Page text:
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Forum: Stones Forum|
Moderated by : Andy B , TimPrevett , coldrum , Klingon , MickM , TheCaptain , bat400 , davidmorgan , Runemage , SolarMegalith , sem
Respond to: Stones in fiction
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| New Message Posted!2005-11-14 13:12  |
Great film and now has cult status. Christopher Lee reckons its his best film
from Alabama, U.S.
| New Message Posted!2005-11-14 03:51  |
The feature film that still entertains me is "The Wicker Man", starring Edward Woodward as Sgt. Howie who goes to Summer Isle to investigate the disappearence of a girl only to find a collusion of the girl, the islanders(played by Diane Cilento, Britt Ekland, Ingrid Pitt, etal), and Lord SummerIsle played by Christopher Lee. There is a lot of symbolism in the movie together with women dancing about the megaliths. An enchanting and thoughtful film with a little tongue-in-cheek.
| New Message Posted!2005-11-13 16:40  |
A book for children, but beautifully written, "The Chronicles of the White Horse".
The white horse is the Uffington one, and the story revolves around a boy and a mole, but with lots of spiritual allusions slipping out of one world to another, its also to be read for its understanding of the natural world. The final denoucement between good and evil is played out in Wayland Smithy. A bit like Tolkien's play on good triumphing over evil, a particularly catholic view of the world, which of course can also be seen in the Lion, Witch and Wardrobe. Peter Please must have come from around Uffington, like Tolkien who lived in Oxford, they both must have been profoundly influenced by the surrounding landscapes...
from Surrey, UK
| New Message Posted!2005-11-12 20:51  |
The Uffington/Waylands series mentioned above was the Moon Stallion, I remember it from 1978:
A young girl named Diana (played by a young Sarah Sutton, later to star in Dr Who), her archeologist father and her brother visit friends in Berkshire near the site of the ancient Celtic horse cut into a chalky hillside. Though Diana is blind, she has the "sight" which connects her to a mysterious white stallion, to an ancient legend of Arthur as a Celtic chieftain, and to danger from others who seek paranormal power.
| New Message Posted!2005-11-10 21:43  |
Yes I remember it well and an excellent production it was too. The White Witch was gorgeous - was she played by Kate Nelligan or Barbara Kellerman?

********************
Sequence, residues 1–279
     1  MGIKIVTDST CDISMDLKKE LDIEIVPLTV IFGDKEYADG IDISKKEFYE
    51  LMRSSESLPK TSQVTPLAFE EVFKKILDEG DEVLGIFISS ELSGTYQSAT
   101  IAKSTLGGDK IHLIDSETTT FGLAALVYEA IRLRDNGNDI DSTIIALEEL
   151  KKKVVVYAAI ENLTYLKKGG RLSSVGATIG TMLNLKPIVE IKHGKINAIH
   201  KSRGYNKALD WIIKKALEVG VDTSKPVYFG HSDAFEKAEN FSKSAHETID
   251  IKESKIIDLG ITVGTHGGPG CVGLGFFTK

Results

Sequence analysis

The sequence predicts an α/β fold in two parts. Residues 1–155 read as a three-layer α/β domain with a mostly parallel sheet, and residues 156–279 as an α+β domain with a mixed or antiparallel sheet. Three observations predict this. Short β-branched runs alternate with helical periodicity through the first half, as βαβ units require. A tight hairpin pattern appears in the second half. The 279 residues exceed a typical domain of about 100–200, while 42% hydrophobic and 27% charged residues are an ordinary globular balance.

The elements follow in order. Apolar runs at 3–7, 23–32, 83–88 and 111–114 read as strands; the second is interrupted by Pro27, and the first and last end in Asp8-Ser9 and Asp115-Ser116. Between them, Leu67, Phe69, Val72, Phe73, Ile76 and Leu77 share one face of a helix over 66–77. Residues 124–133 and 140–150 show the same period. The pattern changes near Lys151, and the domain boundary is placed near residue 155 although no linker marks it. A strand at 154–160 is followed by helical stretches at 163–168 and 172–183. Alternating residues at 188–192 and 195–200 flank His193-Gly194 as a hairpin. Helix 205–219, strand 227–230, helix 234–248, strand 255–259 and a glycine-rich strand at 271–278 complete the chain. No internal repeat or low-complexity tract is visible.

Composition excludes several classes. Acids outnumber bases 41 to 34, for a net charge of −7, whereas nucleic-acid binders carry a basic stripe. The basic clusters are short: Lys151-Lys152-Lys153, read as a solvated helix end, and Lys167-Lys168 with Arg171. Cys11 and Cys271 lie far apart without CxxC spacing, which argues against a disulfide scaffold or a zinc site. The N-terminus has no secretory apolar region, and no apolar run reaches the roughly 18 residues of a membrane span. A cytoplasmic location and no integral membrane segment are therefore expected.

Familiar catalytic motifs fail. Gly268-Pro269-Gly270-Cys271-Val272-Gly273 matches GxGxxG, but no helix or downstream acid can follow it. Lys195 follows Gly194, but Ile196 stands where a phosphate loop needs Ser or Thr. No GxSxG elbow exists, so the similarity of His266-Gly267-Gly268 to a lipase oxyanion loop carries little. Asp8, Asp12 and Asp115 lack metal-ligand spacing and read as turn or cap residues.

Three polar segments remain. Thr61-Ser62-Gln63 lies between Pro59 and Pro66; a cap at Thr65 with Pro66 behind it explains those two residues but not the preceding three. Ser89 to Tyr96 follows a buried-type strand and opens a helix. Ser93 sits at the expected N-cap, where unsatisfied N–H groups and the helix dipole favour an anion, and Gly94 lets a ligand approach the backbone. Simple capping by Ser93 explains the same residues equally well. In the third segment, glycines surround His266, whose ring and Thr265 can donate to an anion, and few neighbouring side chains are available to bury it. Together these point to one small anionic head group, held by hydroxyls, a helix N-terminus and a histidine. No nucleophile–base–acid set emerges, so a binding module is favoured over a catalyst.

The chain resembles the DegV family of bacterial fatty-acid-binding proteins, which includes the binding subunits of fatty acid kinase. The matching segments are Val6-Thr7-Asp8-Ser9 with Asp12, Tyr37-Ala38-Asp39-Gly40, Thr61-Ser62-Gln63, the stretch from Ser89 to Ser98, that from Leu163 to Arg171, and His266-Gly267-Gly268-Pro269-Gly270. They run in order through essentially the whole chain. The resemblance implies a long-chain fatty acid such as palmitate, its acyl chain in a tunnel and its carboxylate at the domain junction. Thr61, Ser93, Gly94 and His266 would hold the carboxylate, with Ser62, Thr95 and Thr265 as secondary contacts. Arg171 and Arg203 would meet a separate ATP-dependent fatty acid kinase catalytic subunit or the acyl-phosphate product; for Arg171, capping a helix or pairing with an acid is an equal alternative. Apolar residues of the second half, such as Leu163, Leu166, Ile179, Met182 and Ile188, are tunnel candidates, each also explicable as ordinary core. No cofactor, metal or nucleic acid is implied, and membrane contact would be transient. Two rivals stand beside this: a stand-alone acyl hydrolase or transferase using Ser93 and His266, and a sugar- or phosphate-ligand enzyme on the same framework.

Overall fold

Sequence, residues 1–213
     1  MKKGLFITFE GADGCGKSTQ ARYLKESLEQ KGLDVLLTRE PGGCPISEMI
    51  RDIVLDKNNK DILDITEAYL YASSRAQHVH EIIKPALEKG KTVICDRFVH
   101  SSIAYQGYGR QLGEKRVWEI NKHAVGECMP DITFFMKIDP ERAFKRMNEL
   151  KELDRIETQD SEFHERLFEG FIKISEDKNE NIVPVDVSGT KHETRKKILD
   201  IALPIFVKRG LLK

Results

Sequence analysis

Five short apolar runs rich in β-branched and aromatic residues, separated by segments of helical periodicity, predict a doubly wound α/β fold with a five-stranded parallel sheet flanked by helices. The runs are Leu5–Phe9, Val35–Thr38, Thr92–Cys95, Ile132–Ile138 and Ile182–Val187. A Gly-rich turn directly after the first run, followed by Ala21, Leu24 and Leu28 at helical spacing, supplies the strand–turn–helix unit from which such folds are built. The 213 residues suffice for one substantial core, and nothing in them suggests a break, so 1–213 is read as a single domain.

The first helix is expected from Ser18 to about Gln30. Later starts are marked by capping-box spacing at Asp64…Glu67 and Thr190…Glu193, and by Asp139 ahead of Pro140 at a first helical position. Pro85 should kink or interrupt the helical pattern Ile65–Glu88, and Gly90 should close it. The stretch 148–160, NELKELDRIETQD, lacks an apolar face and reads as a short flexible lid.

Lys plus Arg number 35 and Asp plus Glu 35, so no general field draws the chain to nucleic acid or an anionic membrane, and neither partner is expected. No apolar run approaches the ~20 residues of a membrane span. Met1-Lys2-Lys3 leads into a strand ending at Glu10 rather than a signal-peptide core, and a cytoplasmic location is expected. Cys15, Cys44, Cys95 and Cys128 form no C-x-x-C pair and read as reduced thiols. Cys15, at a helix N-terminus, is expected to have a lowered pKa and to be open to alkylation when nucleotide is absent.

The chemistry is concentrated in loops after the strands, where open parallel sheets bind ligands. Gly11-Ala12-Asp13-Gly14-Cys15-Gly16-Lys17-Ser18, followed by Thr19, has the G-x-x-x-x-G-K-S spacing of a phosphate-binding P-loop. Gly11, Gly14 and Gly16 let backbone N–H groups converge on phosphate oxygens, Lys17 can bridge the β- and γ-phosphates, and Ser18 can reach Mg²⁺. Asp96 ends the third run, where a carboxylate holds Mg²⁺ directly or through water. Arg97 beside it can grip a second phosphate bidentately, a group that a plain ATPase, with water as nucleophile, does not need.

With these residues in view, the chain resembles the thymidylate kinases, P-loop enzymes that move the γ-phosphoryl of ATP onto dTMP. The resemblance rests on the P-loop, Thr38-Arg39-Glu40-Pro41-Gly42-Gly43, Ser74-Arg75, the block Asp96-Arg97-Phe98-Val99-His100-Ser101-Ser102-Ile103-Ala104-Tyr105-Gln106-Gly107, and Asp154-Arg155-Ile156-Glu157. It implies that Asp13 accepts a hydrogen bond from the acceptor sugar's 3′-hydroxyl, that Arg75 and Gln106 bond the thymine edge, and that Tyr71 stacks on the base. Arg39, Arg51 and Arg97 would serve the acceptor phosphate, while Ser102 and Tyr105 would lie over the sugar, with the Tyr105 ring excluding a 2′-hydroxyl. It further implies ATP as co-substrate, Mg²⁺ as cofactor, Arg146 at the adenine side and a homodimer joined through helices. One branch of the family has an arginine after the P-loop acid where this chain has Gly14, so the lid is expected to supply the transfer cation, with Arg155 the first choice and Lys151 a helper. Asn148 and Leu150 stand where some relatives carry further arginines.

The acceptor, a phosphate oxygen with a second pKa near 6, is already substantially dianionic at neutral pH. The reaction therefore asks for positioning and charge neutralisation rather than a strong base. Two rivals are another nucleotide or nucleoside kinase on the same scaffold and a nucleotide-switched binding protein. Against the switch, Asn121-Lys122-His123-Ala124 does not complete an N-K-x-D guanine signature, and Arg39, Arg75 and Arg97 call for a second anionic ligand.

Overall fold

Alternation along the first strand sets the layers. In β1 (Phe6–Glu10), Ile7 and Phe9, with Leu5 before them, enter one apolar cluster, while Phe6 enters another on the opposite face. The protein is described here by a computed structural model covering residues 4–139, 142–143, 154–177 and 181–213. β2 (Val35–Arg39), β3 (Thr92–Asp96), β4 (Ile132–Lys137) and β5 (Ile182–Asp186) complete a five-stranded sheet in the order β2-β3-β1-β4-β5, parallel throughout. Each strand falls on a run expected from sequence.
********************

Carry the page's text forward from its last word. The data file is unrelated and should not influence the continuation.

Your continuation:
[ This message was edited by: Thorgrim on 2005-11-10 21:45 ]
| New Message Posted!2005-11-10 21:05  |
Going back to an earlier mention of "The Lion,the witch and the wardrobe," does anyone remember the 60's series on a Sunday night? Six parts I think.
I remember Aslan being sacrificed on what looked like a dolmen before the mice freed him.
Remember the Old Magic or even Older Magic going back to the dawn of time. Even CS Lewis, christian though he was, seems to acknowledge that earlier religions had a part to play in the scheme of things.
from Cheshire / Manchester
| New Message Posted!2005-11-10 06:20  |
Robert Goddard - Sight Unseen
Take a look at the Amazon picture
It is set in Avebury.
Any have anything to say on the book?
from A Cumbrian Lass
| New Message Posted!2005-11-10 00:16  |
Manda Scotts Boudica series of "Dreaming" novels have many references to the sacred places of the ancestors, some are caves, some burial mounds. Fantastic books too.
Visit this page for a synopsis and reviews of book one BOUDICA I: DREAMING THE EAGLE http://www.mandascott.co.uk/?page=book&title=25
Then buy the book and enjoy!
User not Registered
| New Message Posted!2005-11-09 12:01  |
Coming into this very late, doesn't "Stig of the Dump" end with the construction of a cromlech?
There was a BBC children's adaptation about 25 year ago of something (and I can't describe it in enough detail to find it on the net) set round the Uffington white horse and Wayland's Smithy (is the Simpson's Waylon Smithers a reference???)
Dorothy Edwards' "The Witches and the Grinnygog" briefly mentions a stone circle among the mysterious artefacts found during construction of an airport - it's a book that's worth reading for lots of other reasons though.
And somewhere I've got a 1950s childrens book called (IIRC) The Two Young Explorers) about a couple of young stone-age Briton, which includes a highly imaginary Stonehenge ceremony.
from Newton Abbot, Devon
| New Message Posted!2005-10-19 23:57  |
I thought I'd mentioned these:
'Taliesin', and 'Merlin', which are the first two of the 'Pendragon Cycle' by Stephen Lawhead.
The books contain quite a few scenes with stone circles, sacred groves, etc, and last night I was reading that a certain tribe moved to a 'crannog', or 'cave in a mountain' for the winter!
I was always under the impression that crannogs were lake-houses, built on artificial platforms?!
I don't recall any 'known' monuments being mentioned but am quite enjoying the atmosphere of these books. Most of the action happens in Wales.